Fayetteville Outer Loop

Fayetteville, North Carolina

The multi-year Fayetteville Outer Loop project will provide traffic relief for the city of more than 300,000, as well as residents, employees and visitors to Fort Bragg, Pope Airfield, and several major defense contractors. The project consisted of the construction of more than six miles of roadways, three interchanges, and 24 bridges, including two tri-level curved girder flyover bridges.

KCI worked with Lee Construction Company of the Carolinas and The Conti Group on two different sections of the project to provide construction engineering services on more than 100 individual tasks, including:

  • Design of multiple falsework and formwork for bridge deck overhangs to support screed equipment
  • Design of specialty equipment such as sand jacks and an overhang buggy
  • Design of hanging platforms for construction access and formwork
  • Design of shoring walls and tiebacks
  • Design of safety lines
  • Modification of footings and caps to alleviate construction tolerances
  • Load rating bridges for anticipated crane loads
  • Mass concrete analysis
  • Shoring of excavations
  • Temporary haul road bridge and permitting
  • Load rating of bridges for construction loading

To assist the contractor in meeting their tight construction schedule, KCI first initiated design of items that were on the critical path. Our team also provided additional engineering services to the contractor on short notice for critical items that arose during construction.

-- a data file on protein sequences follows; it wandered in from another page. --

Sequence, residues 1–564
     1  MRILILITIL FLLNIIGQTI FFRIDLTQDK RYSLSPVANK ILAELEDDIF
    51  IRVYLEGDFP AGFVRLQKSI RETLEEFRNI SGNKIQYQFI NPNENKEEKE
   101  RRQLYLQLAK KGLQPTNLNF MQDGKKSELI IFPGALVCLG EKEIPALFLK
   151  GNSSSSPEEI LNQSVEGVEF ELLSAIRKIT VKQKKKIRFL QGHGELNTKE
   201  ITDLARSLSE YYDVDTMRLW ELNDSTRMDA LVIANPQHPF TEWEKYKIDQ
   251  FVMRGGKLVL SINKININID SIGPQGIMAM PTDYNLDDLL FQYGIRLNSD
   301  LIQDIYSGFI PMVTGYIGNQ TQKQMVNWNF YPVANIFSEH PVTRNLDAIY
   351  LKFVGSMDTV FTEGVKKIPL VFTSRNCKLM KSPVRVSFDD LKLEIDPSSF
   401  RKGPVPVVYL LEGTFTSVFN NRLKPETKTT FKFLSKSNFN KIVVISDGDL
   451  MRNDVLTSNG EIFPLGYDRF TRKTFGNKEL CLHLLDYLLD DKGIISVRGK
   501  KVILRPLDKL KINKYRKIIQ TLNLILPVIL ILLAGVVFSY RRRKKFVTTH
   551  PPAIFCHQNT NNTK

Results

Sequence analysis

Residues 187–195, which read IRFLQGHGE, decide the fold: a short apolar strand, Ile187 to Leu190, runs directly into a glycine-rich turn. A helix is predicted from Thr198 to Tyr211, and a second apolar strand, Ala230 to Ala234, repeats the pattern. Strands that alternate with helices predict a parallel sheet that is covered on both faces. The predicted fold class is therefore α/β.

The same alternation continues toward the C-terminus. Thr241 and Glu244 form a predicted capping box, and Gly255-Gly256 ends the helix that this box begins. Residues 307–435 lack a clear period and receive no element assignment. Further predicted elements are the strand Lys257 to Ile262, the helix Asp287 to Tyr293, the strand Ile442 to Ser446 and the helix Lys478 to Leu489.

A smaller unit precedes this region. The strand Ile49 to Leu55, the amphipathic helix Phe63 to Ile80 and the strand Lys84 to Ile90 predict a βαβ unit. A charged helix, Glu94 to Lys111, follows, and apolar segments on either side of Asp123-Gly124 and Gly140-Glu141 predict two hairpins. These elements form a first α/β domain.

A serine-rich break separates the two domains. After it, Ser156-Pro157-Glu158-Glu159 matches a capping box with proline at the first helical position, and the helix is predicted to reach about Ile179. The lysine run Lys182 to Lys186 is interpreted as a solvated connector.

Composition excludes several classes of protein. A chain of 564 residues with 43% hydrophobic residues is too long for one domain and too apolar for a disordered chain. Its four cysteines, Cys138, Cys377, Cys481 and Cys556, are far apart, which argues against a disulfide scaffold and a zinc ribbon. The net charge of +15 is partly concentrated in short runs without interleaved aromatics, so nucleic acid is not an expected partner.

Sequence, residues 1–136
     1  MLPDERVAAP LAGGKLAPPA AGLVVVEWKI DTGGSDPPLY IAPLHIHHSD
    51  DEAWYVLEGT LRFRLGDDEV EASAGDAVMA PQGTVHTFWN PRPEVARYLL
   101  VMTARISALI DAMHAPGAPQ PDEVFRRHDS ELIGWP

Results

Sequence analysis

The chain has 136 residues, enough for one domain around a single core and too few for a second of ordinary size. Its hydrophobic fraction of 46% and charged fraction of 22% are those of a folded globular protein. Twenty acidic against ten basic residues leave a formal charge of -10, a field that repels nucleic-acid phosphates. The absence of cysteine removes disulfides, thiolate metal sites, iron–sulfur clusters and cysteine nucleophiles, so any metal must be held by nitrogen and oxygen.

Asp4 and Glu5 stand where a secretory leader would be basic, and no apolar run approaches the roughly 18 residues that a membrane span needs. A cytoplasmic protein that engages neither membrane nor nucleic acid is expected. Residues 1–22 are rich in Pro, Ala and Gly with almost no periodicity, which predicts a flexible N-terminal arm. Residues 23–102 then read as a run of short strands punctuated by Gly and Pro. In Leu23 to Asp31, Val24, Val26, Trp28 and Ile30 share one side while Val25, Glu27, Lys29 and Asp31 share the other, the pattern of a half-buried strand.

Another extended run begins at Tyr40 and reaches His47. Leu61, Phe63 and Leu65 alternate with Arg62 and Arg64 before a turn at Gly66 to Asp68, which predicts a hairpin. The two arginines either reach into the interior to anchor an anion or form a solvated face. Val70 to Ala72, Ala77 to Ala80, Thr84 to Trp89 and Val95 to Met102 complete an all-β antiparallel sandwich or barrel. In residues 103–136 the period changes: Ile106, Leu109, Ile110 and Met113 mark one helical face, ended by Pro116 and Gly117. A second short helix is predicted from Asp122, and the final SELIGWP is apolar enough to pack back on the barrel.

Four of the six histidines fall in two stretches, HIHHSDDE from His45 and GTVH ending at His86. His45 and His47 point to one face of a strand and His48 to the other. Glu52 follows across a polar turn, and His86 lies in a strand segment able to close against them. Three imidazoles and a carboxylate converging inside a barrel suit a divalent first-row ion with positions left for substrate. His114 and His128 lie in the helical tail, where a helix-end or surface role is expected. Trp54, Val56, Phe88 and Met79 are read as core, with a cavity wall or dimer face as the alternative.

Many tasks required out-of-the-box strategies to overcome site-specific challenges. The multiple integral bents supporting curved steel girders for the tri-level bridge over the freeway required an innovative solution to support the girders and concrete cap with multiple obstructions below and adjacent to the bridge. Structural engineers designed a unique support system with arms that were braced back to the integral bent column to fit within tight space requirements. Additionally, KCI provided innovative internal bracing details to secure the falsework to the column and a system of sand jacks and other support brackets that allowed easy lowering of the falsework system under loads in excess of 200,000 pounds per jack.

Due to a good working relationship with the clients, additional services issued to KCI included creating models for the girders in various stages of erection using a finite element program to determine the stability and safety factor from buckling, as well as developing step-by-step plans for staging, handling, and erecting the equipment. Horizontally curved girders complicated the analysis and handling during erection, so stresses were checked during all phases of the erection to ensure proper stability of the girders and their resistance to buckling. This stress check was vital to ensure the safety of construction personnel and verify that operations could be performed without causing damage or leaving permanent deformities.

Because of the weight and length of the steel girders, limited lifting capacity of the cranes, and the crane access locations to the beam locations, KCI designed structural steel towers to temporarily support the girders during erection to allow for installation in individual pieces that would be spliced. One such erection included the design of a temporary tower placed on an existing bridge. In addition, KCI performed an analysis of the capacity of the bridge to support a holding crane weighing more than a half-million pounds to secure the steel girders from buckling after it was erected.